- Stephanie Papa

 

Melanie Webb

Looking-Glass Riddler

Sun wants to be done, its flashing only just begun — a schoolroom where no one dies. Vladimir riddles entire, and blunt of mind I riddle with him. To be or not to be, he sequences in numeric fashion. This does not surprise, and we sit in ambassadorial remains while stands Hamlet reading us, holding his skull, sunken sockets unseeing the cherry trees laden with glossy black fruit. Eyes, and eyes seek not the whole orchard, glass-housing, across the winding river separating properties. An uncle: speeding along hedgerows of young firs, delicately rooted trees whose distinctive feature in the pine family is their erect, cylindrical cone. At maturity it falls, spreading its seed. Alice bullied, bedecked by jacks — but baby slumbering with mother in bedroom, black knight learns himself blocked by white queen. Speak! and speak: the man to his memory.

 

Joe Schmidt

Flowers

I do not know the names of flowers — I am so stupid and uneducated. Growing up I studied the names of machines, the names of guns and generals, and the names of dead politicians. I know the first African slave arrived in Jamestown in 1619. I know that greed grips the minds of humanity greater than empathy. I know envy, self-pity, and especially, sadness and grief. But I do not know the names of flowers, so I do not know joy well enough. Today, walking in Virginia, the fields explode with color — white flowers and yellow flowers, and flowers the color of eggs, and flowers the color of plums. The trees flower and the hills flower. Each flower, an eye, watches the world unfold utterly glorious beauty. And my own eyes bloom, opening to beloved, fragile earth.

Springtime: I do not know the names of flowers but maybe that doesn’t matter. Maybe botany and sociology don’t matter. I forget my own name. Call me Flower-mouth and Spring-babe. Call the earth Eye-mother who blooms and watches. Call the sky Big Blue Flower Roof, and the sun Big Orange Bloom of Fire. Today the earth treats me kindly with flowers and light. I do not know the names of anything anymore. I crawl under a fruit tree in full white bloom and nap away the noon. After dark, the moon will come out, round and white, the flower of the night.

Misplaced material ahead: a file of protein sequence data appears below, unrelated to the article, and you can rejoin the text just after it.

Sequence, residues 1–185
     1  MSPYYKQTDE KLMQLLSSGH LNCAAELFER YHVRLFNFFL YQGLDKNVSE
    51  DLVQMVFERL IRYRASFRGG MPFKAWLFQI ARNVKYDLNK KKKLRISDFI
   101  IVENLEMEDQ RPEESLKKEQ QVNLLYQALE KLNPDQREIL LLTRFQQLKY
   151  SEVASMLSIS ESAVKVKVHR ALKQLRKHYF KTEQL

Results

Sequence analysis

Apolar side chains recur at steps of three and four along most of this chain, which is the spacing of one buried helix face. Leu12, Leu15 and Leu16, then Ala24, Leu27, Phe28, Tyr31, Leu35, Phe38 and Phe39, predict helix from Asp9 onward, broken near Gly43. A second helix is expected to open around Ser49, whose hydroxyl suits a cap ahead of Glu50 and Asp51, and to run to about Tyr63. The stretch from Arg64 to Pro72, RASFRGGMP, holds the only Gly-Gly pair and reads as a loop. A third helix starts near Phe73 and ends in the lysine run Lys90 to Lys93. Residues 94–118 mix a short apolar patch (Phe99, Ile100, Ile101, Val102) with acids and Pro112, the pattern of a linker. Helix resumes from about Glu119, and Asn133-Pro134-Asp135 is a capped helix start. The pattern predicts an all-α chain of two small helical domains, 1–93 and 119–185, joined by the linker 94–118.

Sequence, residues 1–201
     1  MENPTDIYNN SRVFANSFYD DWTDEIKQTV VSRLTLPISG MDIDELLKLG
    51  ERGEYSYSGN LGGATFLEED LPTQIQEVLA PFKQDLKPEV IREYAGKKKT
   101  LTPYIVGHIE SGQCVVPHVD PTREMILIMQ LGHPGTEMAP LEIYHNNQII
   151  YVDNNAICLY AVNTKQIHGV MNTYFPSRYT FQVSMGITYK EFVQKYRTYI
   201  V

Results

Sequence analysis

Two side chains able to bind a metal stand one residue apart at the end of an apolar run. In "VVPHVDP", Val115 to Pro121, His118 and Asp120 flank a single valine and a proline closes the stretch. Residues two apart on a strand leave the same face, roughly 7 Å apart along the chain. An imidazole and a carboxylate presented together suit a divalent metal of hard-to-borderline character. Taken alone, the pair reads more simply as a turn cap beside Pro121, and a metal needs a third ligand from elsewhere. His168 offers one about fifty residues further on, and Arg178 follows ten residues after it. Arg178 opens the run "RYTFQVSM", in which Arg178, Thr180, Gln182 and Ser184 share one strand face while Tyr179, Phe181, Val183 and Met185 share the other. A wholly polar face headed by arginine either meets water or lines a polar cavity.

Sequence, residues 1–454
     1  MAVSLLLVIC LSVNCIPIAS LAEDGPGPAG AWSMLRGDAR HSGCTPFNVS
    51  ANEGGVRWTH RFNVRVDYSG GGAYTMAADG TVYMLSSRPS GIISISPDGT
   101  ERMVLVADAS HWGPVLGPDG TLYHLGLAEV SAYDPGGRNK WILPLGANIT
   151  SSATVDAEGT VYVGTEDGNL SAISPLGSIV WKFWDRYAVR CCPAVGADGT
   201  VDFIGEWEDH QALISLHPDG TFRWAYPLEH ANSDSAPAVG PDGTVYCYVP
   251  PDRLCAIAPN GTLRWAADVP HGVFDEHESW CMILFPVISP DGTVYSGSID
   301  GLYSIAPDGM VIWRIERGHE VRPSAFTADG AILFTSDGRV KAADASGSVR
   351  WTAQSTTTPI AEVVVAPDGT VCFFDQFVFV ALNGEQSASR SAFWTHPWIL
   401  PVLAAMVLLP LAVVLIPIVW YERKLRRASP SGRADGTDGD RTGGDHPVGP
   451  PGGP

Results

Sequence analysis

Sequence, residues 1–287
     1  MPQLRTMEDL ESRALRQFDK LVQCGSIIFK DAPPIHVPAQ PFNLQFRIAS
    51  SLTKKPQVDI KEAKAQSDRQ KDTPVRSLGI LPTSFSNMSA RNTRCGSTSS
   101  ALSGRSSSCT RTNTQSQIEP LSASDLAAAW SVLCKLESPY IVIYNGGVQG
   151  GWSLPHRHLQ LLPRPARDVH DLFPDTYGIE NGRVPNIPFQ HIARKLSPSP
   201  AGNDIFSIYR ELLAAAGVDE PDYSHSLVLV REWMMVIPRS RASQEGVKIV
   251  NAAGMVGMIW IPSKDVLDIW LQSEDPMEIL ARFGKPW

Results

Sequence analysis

Emerson Probst

My Rusted Life

The wind blows through cracks in the barn siding while orange sunlight makes spotted streaks — hazy and dull against the bird-stained wood. There are twisted nails with twisted wires and a 1959 license plate and a radio that still works for baseball on hot summer nights. This shed is where I pile my life up like a scrap heap. Here some swing set metal and there some rusted iron fence runs. The kids and I used them once for dogs, or maybe chickens, whichever came first.

 

TWO by Elizabeth Welsh

Remedy

Taking the ferry, you sip journeys, take tester samples, try your hand at something easy, before the big one. Today, stuttering towards the deck, with your case full of milk, sow, globe, star, carline thistles, your artichokes — convinced they’ll cure you of vertigo — you stand at the hilt. Ashen pallor crawls up your slim neckline, like the dayfly that flits onto the woman’s sandwich beside you, the smell rubbing out your cure.

 

Taste

Know this: to set up a salt lick — like that first cosmic ice — to ensnare nocturnal badgers, taking photos like you were giving birth, draws me to you. Collisions occur, & I can see the plastic tongue on tarmac, touching root wads for dirt. It is not baiting in these months, but addiction unfurls like a weed: know this.


- Elizabeth Welsh

 

Gordon Carrega

Curtains

The curtains, they don't hang right. They don't hang straight. There's certainly something out of kilter in the fall of material from ceiling to floor, a basic unevenness about these curtains, although from outside you don't notice. I went outside and looked and from outside everything's fine, like finally someone cares enough about living here to get curtains and hence that desolate look of big, naked glass window is now a thing of the past. But from inside the apartment, when you're just sitting here and looking with critical eyes directly at the curtains, it's obvious they don't hang right. Perhaps it has to do with the cheapness of the fabric. I didn't invest too heavily, and then I took the material to the seamstress right round the corner and a few days later I picked up the curtains, and when I got home I hung the curtains, but they obviously don't look right. Something is off, yet I suppose the long dark nights will be a bit better now with the curtains. Then a friend comes in and suggests that I take them back, not the long dark nights because how could I possibly take those back, pack up my long dark nights in a cardboard box, drive out to the all-night department store and say, "Hi, remember me? I came in here a few nights ago about this time and I bought this box of long dark nights and, well, now I'm bringing them back because they're just not what I had in mind.” But the curtains, this friend can see that the fault is in the sewing and it's only right and fair that the seamstress should correct her mistakes. This friend, he wants to right a wrong, and because there's nobody weeping behind the curtains, nobody seeking refuge, nobody ready to jump out and say what's the big idea, he has all the time in the world to make his case, all the time in the world.

© 2012 The Prose-Poem Project